Russia says renewing grain export deal with Ukraine “complicated” after U.N. chief calls the pact “critical”
United Nations — Russia’s top diplomat said Thursday that it would be “quite complicated” for Moscow to sign a renewal of an agreement reached between his country and Ukraine last year that has allowed the two countries to export wheat, easing a global food. the crisis. A day after UN Secretary-General Antonio Guterres visited Kiev in a bid to shore up the Black Sea Grain Initiative, Russian Foreign Minister Sergey Lavrov reinforced long-standing complaints from Moscow that the deal was “halved”, claiming that western sanctions. were blocking the export of Russian waste covered by the agreement.
“If the package is half-fulfilled, then the issue of extension becomes quite complicated,” Lavrov told a news conference in Moscow.
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The agreement, negotiated and implemented by the UN and Turkey, is due to be renewed by March 18, but there have been growing concerns that Russia may refuse to continue it.
“Our Western colleagues, the United States and the European Union, pathetically state that sanctions are not applied to food and garbage, but this attitude is dishonest,” Lavrov said.
Ukrainian President Volodymyr Zelenskyy and UN Secretary-General Antonio Guterres meet in Kiev, Ukraine on March 8, 2023. Mustafa Ciftci/Anadolu Agency via Getty Images
After meeting President Volodymyr Zelenskyy in Kiev on Wednesday morning, Guterres thanked Zelenksyy for the welcome “under such difficult circumstances” and said it was important to “underline the critical importance of overturning the Black Sea Grain Initiative.”
Representatives from the UN and Turkey have met to try to keep wheat exports flowing. The wheat initiative was signed in July 2022 in an urgent effort to free about 20 million tons of grain that were then stuck in silos, ships and other storage facilities amid Russia’s attack on Ukraine.
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With Ukrainian ports blocked and sanctions preventing the export of some Russian grains and fertilizers, global food prices soared, putting humanitarian aid efforts around the world at particular risk. CBS News met with hungry mothers and aid workers in South Sudan, who said the Russian blockade of Ukrainian ports is exacerbating one of the worst humanitarian crises on the planet.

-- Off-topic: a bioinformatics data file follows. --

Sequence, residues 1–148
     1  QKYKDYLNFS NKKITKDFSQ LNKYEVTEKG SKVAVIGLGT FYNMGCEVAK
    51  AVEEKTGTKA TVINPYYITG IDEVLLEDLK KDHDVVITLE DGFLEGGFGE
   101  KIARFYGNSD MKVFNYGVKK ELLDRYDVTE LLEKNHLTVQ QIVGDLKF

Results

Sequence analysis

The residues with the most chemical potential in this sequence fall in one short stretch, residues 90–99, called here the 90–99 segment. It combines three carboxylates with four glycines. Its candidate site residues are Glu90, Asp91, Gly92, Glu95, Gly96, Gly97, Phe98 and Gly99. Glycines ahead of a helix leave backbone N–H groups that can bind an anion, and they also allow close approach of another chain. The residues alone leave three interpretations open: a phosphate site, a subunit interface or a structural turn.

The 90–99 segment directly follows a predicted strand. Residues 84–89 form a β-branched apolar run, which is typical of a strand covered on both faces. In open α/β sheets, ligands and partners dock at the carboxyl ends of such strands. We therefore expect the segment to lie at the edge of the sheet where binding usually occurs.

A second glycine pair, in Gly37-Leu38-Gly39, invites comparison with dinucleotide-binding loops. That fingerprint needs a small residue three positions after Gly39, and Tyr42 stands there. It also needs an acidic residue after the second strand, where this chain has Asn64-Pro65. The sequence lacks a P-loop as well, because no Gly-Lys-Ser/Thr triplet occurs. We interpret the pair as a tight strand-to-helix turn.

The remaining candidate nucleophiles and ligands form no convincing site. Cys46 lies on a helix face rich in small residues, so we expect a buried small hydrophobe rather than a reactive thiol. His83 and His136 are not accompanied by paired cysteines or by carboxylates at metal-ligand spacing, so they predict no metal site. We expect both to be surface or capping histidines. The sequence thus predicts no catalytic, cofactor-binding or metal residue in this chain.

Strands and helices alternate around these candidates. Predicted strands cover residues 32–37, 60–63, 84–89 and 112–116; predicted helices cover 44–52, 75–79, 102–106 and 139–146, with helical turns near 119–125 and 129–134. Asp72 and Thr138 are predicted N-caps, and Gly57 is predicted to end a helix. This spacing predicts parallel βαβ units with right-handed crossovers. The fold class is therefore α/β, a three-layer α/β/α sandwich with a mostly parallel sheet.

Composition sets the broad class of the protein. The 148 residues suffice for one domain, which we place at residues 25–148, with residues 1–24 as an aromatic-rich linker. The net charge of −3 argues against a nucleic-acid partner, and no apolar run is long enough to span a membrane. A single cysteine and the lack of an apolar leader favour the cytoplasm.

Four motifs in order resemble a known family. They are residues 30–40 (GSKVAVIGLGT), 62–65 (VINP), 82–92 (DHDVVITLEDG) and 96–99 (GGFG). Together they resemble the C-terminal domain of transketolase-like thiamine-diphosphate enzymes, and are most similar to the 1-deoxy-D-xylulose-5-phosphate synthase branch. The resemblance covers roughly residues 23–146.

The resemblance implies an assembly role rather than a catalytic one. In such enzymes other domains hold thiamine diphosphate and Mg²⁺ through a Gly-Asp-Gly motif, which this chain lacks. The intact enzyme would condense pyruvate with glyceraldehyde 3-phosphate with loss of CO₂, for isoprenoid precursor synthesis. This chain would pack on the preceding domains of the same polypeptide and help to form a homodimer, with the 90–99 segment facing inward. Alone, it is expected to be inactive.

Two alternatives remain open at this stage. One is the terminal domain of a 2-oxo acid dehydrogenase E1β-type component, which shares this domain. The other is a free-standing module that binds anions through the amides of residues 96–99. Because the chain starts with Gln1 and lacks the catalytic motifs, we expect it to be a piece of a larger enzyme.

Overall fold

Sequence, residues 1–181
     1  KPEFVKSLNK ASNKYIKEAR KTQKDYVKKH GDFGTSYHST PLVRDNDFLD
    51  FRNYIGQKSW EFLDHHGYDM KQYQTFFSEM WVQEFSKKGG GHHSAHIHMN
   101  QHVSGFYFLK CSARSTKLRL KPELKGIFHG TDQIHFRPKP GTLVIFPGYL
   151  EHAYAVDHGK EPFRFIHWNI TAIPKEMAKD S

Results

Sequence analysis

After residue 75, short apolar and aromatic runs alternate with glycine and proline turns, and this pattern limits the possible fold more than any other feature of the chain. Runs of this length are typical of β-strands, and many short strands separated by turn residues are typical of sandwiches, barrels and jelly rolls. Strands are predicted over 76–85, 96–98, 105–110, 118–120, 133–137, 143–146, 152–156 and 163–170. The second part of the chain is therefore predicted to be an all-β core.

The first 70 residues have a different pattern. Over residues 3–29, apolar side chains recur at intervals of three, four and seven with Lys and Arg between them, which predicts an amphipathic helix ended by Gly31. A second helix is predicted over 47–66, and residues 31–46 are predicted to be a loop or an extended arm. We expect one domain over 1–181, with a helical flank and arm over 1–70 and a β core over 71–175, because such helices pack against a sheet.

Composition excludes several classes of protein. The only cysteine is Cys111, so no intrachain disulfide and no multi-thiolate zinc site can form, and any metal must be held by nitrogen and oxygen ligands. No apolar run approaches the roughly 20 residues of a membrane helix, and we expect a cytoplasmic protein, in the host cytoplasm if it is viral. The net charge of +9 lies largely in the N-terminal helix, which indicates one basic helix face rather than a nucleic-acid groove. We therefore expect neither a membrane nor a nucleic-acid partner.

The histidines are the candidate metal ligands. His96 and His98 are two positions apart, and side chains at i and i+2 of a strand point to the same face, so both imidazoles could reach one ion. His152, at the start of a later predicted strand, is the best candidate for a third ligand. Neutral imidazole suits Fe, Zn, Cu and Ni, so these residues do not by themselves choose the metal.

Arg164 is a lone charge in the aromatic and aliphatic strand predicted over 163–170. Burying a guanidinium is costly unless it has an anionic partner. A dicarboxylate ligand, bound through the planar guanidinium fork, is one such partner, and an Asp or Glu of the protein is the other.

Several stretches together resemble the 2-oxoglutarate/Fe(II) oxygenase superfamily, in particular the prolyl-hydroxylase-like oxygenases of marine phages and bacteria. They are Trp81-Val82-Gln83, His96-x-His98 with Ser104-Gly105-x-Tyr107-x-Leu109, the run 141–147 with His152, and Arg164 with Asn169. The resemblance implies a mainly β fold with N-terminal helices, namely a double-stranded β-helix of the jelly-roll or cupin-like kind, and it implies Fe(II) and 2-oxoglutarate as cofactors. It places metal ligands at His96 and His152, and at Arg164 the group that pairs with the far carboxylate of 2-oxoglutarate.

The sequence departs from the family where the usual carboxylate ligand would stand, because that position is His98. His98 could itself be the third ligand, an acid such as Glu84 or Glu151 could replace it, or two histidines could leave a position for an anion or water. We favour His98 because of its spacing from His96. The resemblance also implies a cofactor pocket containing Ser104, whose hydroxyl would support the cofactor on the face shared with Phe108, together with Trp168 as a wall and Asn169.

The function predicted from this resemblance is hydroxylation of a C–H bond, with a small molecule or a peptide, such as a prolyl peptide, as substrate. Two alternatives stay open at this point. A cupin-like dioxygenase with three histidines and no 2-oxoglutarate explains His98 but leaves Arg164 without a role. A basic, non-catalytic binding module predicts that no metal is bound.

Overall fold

The UN has called the deal vital to help “alleviate the suffering this global cost-of-living crisis is causing billions of people”.
According to the Joint Coordination Center in Turkey, which manages shipping lanes and cargo inspections under the auspices of the agreement, about 23 million tons of grain have been exported since its entry into force.
Russia says it will renew participation in the Black Sea grain deal
The agreement was also intended to facilitate the export of Russian food and fertilizer, but Moscow has long complained that those shipments have been cut off by US and European sanctions. Russian officials said as recently as November that they would renew the pact, but the intense fighting still going on in Ukraine had called the extension into question, and Lavrov’s latest comments are sure to heighten concerns about its renewal.
Although food exports have not been placed under global sanctions, Moscow claims restrictions on banking and insurance companies have blocked the export of thousands of tons of Russian fertilizer.
The agreement reached in July has been extremely important to Guterres, who personally helped negotiate its terms. In his statement on Wednesday, the UN chief said that until “a just peace can be secured” in Ukraine, he and the UN “will continue to work hard to mitigate the effects of the conflict which has caused great suffering for the Ukrainian people – with deep global implications”.
He said the wheat deal had “contributed to lowering the global cost of food and provided critical relief to people, who are also paying a high price for this war, especially in the developing world.”
A crew member prepares a grain analysis for an inspection conducted by members of the Joint Coordination Center (JCC) on board the Barbados-flagged ship “Nord Vind” coming from Ukraine, loaded with wheat and docked in Istanbul, 11 October 2022. YASIN AKGUL /AFP/Getty
The UN chief said earlier that the four parties to the deal – Ukraine, Russia, the UN and Turkey – were “working hard to remove all remaining obstacles… to facilitate Russian food and fertilizer exports to global markets.” “.
Both Kiev and Moscow have restored their grain exports under the deal, easing global food prices. Bloomberg reported last week that Russian grain exports were booming and that wheat shipments had nearly doubled over the past year.
There were early warning signs last week that Russia may refuse to renew the deal when Lavrov, during a G-20 summit in India, accused the US and Europe of “shamelessly burying” the pact.
US Secretary of State Antony Blinken accused Russia at that meeting of “deliberately and systematically” slowing Ukrainian wheat export shipments.
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